Around the NBA: Winning in a Small Market - 03/10/11

March 10, 2011
Nick Matkovich

Small Markets
Organizations in the Midwest like the Bucks, Cavs, Timberwolves and Pacers want to embody
their town's image as a blue-collared, shot-and-a-beer city teeming with pride.

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  • Critics of the NBA cook up the same bland, uninspired grievances about the supposed shortcomings of the association. "The players don't care," "No one plays defense," and "The whole group of `em are thugs," lack all the panache and biting creativity typical of a Bon Jovi title track.

    The complaints aren't much more than just that, complaints. They hold no water, lack conviction. Said dissenters struggle because the league has not been this popular since the Jordan Era.

    Yet for all the bluster of the critiques, one has festered as of late that I find myself struggling with.

    This topic first came to light when LeBron James decided to leave Cleveland for Miami. The trade of Carmelo Anthony to the Knicks, based on his refusal to sign a contract extension anywhere except for New York was a reemergence of sorts for this conversation.

    Small market teams, hard as they may try, just can't compete with the Los Angeles' and Chicago's of the world when it comes to signing a free agent, a big name free agent.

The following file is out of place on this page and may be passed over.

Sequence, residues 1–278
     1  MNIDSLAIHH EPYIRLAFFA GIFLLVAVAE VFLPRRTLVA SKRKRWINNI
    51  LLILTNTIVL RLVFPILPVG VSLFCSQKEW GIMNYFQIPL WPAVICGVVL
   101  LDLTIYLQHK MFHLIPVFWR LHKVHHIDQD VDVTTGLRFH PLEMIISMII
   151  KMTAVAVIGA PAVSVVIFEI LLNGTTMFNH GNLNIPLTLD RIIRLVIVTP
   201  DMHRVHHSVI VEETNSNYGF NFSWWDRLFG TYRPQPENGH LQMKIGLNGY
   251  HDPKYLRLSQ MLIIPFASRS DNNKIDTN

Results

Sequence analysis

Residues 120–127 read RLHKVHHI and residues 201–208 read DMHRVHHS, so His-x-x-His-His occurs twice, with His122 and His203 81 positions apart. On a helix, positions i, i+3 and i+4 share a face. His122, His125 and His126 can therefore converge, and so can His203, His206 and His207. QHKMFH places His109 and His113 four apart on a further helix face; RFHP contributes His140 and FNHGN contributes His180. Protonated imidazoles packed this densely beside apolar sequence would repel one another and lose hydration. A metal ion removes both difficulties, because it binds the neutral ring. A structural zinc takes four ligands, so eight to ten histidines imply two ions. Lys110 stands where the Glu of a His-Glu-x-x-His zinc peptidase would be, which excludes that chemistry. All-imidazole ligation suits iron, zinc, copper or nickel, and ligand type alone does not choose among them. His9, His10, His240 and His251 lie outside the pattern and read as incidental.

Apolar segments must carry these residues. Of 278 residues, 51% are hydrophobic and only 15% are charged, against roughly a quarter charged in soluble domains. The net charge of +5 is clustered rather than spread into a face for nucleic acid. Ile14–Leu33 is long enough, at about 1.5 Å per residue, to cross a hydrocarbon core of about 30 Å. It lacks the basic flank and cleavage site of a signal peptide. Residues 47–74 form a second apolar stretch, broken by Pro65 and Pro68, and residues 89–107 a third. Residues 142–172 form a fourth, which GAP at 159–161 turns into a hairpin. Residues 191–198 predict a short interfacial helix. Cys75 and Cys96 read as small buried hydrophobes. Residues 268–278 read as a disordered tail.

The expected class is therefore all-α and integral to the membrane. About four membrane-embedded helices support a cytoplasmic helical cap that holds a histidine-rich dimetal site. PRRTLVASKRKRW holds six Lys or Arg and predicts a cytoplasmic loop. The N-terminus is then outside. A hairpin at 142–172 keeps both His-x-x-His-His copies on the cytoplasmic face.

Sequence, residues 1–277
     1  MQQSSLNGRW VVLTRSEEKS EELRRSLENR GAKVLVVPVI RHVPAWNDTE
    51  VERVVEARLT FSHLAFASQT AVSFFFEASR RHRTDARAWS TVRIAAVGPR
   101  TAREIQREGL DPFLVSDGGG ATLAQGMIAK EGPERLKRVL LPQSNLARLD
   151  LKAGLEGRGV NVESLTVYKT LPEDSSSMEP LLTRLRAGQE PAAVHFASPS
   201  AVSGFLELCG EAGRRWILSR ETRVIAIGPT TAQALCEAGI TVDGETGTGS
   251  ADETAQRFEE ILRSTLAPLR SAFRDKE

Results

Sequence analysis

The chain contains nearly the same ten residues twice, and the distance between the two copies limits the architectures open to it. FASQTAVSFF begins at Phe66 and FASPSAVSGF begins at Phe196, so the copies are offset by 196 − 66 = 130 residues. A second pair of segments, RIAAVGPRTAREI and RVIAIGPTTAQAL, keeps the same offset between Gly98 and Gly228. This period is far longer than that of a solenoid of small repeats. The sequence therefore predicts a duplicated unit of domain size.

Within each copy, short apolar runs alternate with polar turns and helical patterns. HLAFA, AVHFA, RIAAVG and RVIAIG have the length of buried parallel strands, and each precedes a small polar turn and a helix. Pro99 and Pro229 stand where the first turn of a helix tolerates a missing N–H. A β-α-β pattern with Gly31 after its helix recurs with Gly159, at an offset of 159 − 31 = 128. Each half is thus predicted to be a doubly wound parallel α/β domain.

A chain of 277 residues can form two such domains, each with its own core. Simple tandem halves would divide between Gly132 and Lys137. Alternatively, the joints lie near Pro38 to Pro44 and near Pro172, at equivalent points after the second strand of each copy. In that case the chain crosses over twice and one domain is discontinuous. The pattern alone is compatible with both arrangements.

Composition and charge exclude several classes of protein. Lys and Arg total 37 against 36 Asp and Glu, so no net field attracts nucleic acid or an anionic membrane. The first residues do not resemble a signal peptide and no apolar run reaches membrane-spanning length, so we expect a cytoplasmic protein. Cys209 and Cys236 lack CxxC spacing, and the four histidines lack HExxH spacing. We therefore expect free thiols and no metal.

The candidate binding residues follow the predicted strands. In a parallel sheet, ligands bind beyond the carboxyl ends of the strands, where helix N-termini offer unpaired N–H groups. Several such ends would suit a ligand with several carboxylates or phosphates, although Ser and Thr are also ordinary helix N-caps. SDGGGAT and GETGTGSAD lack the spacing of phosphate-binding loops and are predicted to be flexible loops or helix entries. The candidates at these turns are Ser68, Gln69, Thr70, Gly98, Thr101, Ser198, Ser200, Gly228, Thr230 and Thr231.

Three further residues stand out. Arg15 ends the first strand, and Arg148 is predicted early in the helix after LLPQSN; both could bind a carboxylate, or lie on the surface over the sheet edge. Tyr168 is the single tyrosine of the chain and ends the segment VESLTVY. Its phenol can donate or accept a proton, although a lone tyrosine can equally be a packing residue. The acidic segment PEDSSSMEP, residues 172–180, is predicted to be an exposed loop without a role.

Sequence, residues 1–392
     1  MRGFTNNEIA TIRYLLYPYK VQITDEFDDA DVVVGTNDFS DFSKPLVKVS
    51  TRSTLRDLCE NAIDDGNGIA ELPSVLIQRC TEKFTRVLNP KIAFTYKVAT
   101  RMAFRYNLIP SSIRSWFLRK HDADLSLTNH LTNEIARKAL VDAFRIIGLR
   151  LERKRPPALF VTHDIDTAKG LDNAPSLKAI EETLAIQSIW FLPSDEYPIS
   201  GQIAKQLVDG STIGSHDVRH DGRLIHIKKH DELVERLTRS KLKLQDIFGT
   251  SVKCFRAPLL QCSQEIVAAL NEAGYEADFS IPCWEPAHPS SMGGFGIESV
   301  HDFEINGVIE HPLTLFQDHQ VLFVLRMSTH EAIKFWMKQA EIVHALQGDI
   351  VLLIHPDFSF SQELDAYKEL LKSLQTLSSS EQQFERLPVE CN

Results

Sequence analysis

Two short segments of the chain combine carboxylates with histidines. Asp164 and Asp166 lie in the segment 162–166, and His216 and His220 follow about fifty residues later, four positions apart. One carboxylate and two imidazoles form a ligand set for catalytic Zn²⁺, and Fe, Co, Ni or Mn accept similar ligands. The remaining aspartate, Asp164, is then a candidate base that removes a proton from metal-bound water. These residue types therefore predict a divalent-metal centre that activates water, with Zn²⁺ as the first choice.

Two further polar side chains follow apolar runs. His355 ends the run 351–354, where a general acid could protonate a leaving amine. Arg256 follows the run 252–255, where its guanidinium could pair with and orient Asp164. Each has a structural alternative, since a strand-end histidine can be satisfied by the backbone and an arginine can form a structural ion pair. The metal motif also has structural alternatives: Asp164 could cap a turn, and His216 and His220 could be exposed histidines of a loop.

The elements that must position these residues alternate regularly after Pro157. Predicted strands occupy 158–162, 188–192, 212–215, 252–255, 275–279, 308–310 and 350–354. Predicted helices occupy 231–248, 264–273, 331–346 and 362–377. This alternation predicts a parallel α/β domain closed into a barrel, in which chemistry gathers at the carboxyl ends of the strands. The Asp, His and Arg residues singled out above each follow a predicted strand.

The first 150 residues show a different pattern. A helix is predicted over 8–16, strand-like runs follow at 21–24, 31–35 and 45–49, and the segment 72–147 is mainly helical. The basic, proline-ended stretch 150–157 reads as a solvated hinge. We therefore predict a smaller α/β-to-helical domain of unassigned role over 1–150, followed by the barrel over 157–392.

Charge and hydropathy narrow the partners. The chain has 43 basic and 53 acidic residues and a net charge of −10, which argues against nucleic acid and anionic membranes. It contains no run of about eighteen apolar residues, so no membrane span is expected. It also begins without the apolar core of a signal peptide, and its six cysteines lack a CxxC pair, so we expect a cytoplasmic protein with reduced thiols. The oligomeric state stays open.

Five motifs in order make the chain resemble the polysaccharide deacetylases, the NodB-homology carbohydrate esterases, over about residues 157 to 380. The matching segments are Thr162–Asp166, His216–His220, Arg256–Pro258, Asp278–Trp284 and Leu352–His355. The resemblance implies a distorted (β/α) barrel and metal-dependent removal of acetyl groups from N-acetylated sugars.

The "woe is us" bile spewed from the small market protectors who enjoy grieving in public is a nauseating, head-aching cry for help that would cause most of us to roll up our windows and count the seconds until the traffic light changes green. Though irritating and desperate as these claims come off, no secret elixir exists to simply force the Clevelands of the world to spend judiciously and inspire the big name superstars to sign as a free agent.

    The problem exists that all superstar athletes, including NBA Superstars, are conditioned to the praise and unwavering attention heaped upon them. This idol worship directed towards the league's elite has become a daily rite like new shoes and sponsorship deals, the groundwork which was laid since their AAU days. The spotlight becomes a life source for most of them. The large markets of Miami and New York pull on their mesh shorts with an influential grasp.